Huge props to Gregg Zaun for his day overall. He built on his 10-pitch deep fly out in the 9th on Wednesday night and had a 2-for-3 day with a walk, just missing a go-ahead three-run homer in the 9th. His hit-and-run single in the second was executed to absolute perfection, smacking a line drive to exactly the spot where Jason Bartlett had been before he went to cover second base, but the piece de resistance was the steal of home. Scoring-wise, it’s considered a runner’s fielder’s choice, but it was a beautiful bit of baserunning derring-do.
With Zaun on second and Marco Scutaro at first, David Eckstein dropped down a bunt out in front of the plate (don’t get me started). Tampa catcher Dioner Navarro went out to get it, fired to first to retire Eckstein, then kind of hung out about 30-40 feet in front of the plate, impressed with the job he’d done, while Akinori Iwamura put his head down and started to walk the ball towards the pitchers’ mound. Zaun saw the letdown in focus intensity, and the uncovered home plate, and took off, barely sneaking his hand in past a racing Navarro as he scrambled to get back. It was fantastic. Too bad the Jays couldn’t do anything with it.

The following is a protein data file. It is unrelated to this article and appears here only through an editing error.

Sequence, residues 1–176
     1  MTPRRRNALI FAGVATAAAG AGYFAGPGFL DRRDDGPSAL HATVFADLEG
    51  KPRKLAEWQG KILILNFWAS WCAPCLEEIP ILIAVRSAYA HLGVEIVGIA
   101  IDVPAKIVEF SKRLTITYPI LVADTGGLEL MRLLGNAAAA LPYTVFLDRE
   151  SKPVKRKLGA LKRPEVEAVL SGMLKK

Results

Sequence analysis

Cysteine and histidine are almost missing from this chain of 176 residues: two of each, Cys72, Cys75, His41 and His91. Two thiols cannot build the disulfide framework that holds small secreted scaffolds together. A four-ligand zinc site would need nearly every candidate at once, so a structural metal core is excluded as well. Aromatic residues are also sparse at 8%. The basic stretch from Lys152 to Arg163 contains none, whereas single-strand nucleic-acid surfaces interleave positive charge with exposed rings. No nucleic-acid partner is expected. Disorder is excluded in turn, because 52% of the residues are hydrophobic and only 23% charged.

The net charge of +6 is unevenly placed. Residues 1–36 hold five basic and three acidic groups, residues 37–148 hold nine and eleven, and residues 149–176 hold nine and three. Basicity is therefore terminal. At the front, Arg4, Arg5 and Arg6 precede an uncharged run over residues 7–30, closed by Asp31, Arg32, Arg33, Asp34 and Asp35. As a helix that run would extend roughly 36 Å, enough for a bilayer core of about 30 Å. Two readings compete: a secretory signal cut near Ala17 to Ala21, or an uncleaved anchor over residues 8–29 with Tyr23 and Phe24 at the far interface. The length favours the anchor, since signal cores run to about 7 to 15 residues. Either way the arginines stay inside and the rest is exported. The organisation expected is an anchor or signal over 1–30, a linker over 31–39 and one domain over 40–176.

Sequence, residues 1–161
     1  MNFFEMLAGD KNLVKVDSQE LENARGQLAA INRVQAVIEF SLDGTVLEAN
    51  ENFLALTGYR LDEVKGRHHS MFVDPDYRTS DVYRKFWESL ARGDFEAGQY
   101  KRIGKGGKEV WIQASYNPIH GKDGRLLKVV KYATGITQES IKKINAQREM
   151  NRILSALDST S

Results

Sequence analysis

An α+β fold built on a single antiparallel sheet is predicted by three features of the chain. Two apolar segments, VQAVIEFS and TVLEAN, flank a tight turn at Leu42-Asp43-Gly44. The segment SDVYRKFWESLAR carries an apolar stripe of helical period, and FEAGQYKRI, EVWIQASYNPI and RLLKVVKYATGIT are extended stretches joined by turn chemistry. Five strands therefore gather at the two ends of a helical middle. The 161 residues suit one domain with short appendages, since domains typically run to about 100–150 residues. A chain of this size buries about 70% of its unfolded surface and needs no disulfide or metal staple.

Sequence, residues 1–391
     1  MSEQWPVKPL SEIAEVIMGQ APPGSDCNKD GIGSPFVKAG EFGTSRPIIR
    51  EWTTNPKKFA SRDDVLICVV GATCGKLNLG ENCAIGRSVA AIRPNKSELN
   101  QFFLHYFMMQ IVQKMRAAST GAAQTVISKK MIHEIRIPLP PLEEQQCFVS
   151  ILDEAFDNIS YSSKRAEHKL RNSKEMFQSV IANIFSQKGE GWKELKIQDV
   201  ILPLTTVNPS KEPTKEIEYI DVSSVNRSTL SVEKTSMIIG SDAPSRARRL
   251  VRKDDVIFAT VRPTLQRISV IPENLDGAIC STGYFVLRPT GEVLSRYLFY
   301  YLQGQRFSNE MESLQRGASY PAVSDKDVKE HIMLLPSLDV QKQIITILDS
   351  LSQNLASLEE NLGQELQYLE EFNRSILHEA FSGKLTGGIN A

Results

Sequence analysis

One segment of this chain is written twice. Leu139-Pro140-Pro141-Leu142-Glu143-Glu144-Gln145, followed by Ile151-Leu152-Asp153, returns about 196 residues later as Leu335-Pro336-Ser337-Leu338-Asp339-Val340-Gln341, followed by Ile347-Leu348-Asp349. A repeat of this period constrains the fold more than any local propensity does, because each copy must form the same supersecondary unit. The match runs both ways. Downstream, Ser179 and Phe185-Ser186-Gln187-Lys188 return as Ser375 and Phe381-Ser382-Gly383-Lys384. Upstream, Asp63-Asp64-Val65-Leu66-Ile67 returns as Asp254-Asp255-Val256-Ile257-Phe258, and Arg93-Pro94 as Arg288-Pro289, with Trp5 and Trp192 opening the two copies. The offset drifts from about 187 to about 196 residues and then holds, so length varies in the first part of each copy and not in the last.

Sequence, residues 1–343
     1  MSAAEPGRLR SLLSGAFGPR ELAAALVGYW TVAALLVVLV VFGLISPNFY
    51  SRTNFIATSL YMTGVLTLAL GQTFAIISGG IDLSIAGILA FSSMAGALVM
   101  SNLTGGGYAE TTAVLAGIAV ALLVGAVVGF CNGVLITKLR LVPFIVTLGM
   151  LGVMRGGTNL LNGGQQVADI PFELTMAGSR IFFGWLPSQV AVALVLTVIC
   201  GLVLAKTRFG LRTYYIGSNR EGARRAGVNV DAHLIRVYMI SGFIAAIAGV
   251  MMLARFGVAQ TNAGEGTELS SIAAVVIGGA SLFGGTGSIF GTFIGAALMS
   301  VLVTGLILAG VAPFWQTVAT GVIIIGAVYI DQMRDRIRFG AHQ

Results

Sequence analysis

As I said way up there (man, this is getting long), Rolen and Lind should be in the line-up for the opener against KC and Zack Grienke, who has allowed just one home run in 29 innings, has a WHIP of 1.17 and an ERA of 1.24. If I had to guess, I’d say Rolen will hit 6th, behind Matt Stairs and Lind 7th, in front of Lyle Overbay.
Lastly, congrats to the Oakland A’s for signing Frank Thomas. They pick up what will be a valuable asset for them and only have to pay him the major-league minimum. Thomas had a great year with the A’s back in 2006, and they like him out there. I think it’s a great move for Billy Beane, assuming Thomas has the second half I expect him to. The A’s, despite the fact that they currently share first place in the West, are going nowhere this year, but bringing in Thomas shows fans that Beane is trying to ride the wave of the team’s hot start. Truth is, I wouldn’t be at all surprised if he grabbed Thomas in order to cash in on the bounty he might bring back on July 31st. Who knows, maybe after Thomas heats up and the Athletics cool down, Frank will get traded back to the Blue Jays! Now THAT would be fun.
Comments are encouraged, and remember – in order to make up for tonight’s Raptors-induced loss of JaysTalk, we’ll have a special pre-game JaysTalk Friday for listeners of the Fan590 (if you can’t listen, catch it here on the website) from 7:05 – 7:30 Eastern.